Sports Sponsors are turning our kids into junk food freaks

Sports sponsors are turning our kids into junk food freaks, by Joanne Dwyer - 12th May 2004
(Credit: The Sydney Morning Herald)

The half-time oranges have been replaced by chocolate bars, putting children well on the road to obesity, writes Joanne Dwyer.

As a nation we are battling with childhood obesity. Authorities are looking to children's sport as the answer and parents are responding enthusiastically. However, a seedy side of children's sport is firmly and quietly marking its territory, potentially challenging the health it promises.

Children have long loved junk food. And naturally, they enjoy eating after a good sports game. But in recent times, the link between bad food and exercise seems to have grown stronger, as part of an emerging new culture in children's sport. Changes in attitudes to food have seen the humble orange at half-time replaced by lollies, chocolates, doughnuts and soft drinks. At Saturday morning soccer games, six-year-olds can be spotted downing red frogs, eating chips and sucking on Wizz Fizz.

Comments such as "I've got a lollipop for you in my bag after the game" can be heard being called out from the sideline. It's not uncommon to see children back on the field, finishing off those chewier lollies from half-time.

The junk food epidemic is invading children's sport on all fronts. Sports club canteens are filled with a smorgasbord of sugar and fat dance teachers are using lollies to keep order during practice sessions.

At a very early age children are learning that high fat and high sugar treats are part of sport and the reason for trying - or the expectation for simply turning up.

The multinationals are also in on the action and are making a fat living. With McDonald's "encouragement awards" children are rewarded for playing well with some high-fat foods - free chips, hash browns or sundaes over four weeks, on the condition that a burger is bought. No mention of Salads Plus on these awards.

Cadbury has also got in on the game. Its latest international campaign, endorsed by the British Minister for Sports, aims to fight childhood obesity.

The campaign entitled "Get Active" encourages schoolchildren to buy chocolate bars and collect wrapper tokens to exchange for free sports equipment for their school. With 5440 wrappers a school can buy a set of volleyball net posts. That's a million calories! How much volleyball would you need to play to burn that off?

To put their reward system in health terms, the 160 million tokens available equate to nearly 2 million kilograms of fat. All in the name of getting fit and healthy.

While this campaign hasn't hit Australian shores, it appears that more and more junk food companies are being welcomed by sporting associations.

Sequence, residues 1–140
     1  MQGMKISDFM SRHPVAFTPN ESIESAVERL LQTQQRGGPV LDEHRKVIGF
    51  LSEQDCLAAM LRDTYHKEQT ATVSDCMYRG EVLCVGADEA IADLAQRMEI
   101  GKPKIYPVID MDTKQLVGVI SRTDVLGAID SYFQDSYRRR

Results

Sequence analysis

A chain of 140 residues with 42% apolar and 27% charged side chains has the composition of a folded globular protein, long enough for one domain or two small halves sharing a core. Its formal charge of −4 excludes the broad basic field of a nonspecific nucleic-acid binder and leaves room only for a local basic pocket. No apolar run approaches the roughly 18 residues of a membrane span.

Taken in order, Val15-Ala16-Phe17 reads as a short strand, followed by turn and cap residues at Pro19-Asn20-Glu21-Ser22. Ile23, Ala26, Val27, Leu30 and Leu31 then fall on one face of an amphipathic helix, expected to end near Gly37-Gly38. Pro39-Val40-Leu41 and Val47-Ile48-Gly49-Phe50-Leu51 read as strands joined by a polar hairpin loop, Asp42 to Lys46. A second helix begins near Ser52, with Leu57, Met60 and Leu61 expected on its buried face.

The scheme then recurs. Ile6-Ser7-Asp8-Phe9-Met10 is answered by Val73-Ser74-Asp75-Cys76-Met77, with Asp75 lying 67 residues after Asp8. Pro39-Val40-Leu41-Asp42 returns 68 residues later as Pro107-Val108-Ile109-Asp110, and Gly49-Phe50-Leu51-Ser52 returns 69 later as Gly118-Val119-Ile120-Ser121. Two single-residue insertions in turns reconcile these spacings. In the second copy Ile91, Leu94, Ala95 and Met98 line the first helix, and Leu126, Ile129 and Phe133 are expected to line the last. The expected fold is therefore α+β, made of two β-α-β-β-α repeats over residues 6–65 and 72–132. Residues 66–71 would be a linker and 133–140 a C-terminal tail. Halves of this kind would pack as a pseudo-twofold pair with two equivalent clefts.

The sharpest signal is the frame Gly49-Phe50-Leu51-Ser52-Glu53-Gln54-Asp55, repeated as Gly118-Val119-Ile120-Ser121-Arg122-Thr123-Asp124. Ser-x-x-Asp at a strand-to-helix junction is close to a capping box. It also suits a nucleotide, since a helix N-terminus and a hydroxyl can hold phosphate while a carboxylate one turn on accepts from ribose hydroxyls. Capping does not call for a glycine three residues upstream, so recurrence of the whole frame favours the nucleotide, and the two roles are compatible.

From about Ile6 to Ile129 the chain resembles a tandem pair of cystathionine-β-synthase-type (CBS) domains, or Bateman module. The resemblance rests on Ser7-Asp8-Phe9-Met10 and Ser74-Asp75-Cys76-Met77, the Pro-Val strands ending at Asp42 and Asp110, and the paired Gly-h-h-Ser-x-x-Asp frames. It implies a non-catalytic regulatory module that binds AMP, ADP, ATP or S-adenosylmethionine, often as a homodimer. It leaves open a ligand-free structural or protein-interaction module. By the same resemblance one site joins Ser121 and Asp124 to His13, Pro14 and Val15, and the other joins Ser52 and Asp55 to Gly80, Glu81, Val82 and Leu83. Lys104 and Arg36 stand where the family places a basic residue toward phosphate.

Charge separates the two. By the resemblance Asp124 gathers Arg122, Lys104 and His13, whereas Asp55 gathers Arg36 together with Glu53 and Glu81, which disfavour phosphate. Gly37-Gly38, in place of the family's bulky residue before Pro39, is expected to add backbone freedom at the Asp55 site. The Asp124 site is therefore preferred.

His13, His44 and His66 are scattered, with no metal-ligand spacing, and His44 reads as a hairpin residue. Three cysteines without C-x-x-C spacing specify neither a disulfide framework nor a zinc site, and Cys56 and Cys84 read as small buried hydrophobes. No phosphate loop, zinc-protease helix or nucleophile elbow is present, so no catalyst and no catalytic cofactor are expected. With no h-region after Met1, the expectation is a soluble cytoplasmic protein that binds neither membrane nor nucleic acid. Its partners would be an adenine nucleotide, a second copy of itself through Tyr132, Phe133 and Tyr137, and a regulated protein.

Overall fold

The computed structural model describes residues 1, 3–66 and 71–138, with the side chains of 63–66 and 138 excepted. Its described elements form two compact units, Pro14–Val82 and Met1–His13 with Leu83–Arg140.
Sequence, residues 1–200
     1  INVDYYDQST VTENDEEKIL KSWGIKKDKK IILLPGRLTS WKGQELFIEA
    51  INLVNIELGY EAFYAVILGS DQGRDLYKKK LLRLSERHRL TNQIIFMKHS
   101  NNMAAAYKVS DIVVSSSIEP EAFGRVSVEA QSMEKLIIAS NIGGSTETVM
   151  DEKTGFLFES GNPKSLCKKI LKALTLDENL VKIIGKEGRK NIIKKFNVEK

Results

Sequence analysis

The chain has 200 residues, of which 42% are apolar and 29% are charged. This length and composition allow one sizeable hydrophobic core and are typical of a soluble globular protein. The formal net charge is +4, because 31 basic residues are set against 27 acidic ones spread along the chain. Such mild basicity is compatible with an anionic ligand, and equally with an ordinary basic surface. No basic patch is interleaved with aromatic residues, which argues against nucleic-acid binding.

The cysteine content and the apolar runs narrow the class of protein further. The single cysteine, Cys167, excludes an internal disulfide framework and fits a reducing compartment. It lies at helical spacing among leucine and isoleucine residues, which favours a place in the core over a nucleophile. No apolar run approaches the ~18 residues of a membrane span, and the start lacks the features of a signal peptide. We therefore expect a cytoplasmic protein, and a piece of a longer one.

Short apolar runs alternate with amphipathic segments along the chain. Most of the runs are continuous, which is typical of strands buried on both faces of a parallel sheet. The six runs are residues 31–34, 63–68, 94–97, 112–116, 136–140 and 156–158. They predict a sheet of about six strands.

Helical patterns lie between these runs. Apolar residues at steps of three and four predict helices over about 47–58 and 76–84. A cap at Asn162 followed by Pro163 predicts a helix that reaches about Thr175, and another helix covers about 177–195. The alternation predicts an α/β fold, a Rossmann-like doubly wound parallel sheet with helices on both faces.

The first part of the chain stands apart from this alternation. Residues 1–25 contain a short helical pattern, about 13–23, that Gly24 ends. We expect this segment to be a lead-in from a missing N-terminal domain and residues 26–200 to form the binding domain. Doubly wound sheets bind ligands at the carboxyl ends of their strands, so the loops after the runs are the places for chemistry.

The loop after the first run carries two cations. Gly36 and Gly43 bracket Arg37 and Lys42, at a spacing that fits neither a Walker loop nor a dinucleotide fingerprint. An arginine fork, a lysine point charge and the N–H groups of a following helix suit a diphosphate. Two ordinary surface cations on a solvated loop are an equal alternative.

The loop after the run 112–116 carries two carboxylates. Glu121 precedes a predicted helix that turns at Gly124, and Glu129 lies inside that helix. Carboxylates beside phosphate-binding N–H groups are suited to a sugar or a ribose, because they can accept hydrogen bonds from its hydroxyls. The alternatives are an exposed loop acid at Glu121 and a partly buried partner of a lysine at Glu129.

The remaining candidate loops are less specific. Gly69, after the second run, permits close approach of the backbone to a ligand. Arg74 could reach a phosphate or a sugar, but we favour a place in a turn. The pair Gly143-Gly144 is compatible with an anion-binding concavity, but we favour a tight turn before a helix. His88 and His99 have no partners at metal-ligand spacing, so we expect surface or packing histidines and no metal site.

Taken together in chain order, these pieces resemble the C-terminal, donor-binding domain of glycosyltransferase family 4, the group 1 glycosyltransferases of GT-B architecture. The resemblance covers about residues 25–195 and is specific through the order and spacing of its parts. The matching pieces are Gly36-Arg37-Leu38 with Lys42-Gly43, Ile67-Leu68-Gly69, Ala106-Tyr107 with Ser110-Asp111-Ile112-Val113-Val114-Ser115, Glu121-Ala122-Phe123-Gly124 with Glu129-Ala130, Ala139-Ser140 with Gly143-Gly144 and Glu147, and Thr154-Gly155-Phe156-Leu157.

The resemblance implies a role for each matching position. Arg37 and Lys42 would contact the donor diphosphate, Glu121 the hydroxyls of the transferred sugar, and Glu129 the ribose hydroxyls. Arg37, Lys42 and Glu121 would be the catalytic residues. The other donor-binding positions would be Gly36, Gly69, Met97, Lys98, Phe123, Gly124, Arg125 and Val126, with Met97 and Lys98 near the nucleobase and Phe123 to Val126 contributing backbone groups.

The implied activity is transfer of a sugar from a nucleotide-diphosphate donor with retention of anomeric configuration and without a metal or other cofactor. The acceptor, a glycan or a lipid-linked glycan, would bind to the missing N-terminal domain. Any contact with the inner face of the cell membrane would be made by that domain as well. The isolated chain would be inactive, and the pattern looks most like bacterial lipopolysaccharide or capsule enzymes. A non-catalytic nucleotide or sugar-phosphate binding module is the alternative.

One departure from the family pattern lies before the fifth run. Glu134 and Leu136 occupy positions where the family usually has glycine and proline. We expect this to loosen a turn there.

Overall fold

Newcomer Krispy Kreme, the doughnut maker, has quickly made an impact. Only months ago, we were publicly questioning whether with our dietary problems, we should be allowing such high-fat doughnuts onto our shores. This year, however, many sporting associations are asking their young players to sell them as a fund-raiser.

I know of at least three sports groups in the Sutherland Shire which ask parents to buy 12 doughnuts for $11 - they recommend every family buy five dozen - and take a cut of the profits made.

We all now know that a poor diet leads to children becoming overweight and obese, affecting the child both in the early years of life as well as contributing to heart disease, stroke and other health issues later in life.

However, the problem seems to be getting worse.

Not only is childhood obesity continuing to rise at an alarming rate, but a recent Australian study has shown that an unhealthy lifestyle is causing hardening of the arteries in children as young as six.

Government initiatives are looking to schools to address the problem. The Government's recent Healthy Canteen campaign is looking at getting junk food out of our school tuckshops by the end of the year.

What must be considered, however, is that children don't just learn at school and they don't just learn from teachers. The attitudes of parents and other significant people in a child's life send powerful messages.

Whether it's for reward or fund-raising purposes, a coach endorsing junk food sends a powerful message to a five- year-old.

The picture in our minds as adults is that we are providing a wonderful healthy lifestyle for our children with weekend sports and weekday training. That we are helping them to establish healthy patterns both for now and for later life. In reality we're painting a different picture.

Endorsing junk food in this "healthy" context is crossing out the benefits. Junk food is the seedy side of children's sport. If we aim to really tackle the childhood obesity problem we need to address the problem on all fronts.

Joanne Dwyer is a lecturer at the School of Education and Early Childhood Studies at the University of Western Sydney.


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